New EU Rules on Whitening

In October this year the EU brought forward new rules to regulate the whitening of teeth.  Until now it has been somewhat of a legal grey area, with the Cosmetic Products (Safety) Regulations being at odds with the Dentists Act 1984 which make it illegal for anyone who is not a dentist to preform the business of dentistry – the position held by the General Dental Council.

The EU clarifies this, making it clear that only very weak whitening products (those containing less than 0.1% hydrogen peroxide) can be purchased freely by consumers.

 Any stronger whitening products can then only be supplied to dentists and used under their supervision.

In simple terms what this means is that only dentists will be able to perform tooth whitening, in a safe, regulated and legal way for patients, and will make unregulated high street “whitening studios” illegal.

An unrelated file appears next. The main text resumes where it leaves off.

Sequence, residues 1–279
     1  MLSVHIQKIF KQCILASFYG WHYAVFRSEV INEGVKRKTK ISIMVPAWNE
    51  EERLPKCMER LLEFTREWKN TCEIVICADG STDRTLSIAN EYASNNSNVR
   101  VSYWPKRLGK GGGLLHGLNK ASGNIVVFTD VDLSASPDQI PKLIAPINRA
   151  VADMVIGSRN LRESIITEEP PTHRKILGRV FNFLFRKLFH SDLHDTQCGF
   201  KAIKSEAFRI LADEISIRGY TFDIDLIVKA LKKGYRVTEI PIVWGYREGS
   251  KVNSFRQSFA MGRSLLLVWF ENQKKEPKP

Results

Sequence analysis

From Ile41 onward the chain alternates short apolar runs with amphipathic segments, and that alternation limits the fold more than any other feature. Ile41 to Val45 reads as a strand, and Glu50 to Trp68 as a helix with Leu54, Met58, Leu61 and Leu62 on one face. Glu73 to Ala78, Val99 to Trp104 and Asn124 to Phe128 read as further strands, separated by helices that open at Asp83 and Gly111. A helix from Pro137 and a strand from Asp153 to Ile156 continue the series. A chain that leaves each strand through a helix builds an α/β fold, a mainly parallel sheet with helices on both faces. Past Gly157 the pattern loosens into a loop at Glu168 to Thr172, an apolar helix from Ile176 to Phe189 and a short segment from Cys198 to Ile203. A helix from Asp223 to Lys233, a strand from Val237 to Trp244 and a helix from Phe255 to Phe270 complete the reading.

These regulations apply to Hydrogen Peroxide which is the only safe, researched method for tooth whitening, however some high street whitening studios are using Chlorine Dioxide which is not safe for teeth.  Many of the Chlorine Dioxide gels are acidic. The pH range is from 1-3. As a result of the acid effect directly on the teeth, the resultant effect is that of etching the tooth permanently.   The tooth looses its tooth lustre or shine and this can be a permanent effect. Many of the clients have reported that the teeth seem to pick up further staining and become even more discoloured than before the treatment.  The resulting discolouration is yellow to brown. Many patients report increased  tooth sensitivity which is difficult to manage and not easy to desensitise.  If you are considering tooth whitening you should askl what is being used, any Dentist will be happy to tell you!

 The UK along with all other EU countries will have 1 year to add this to their national laws.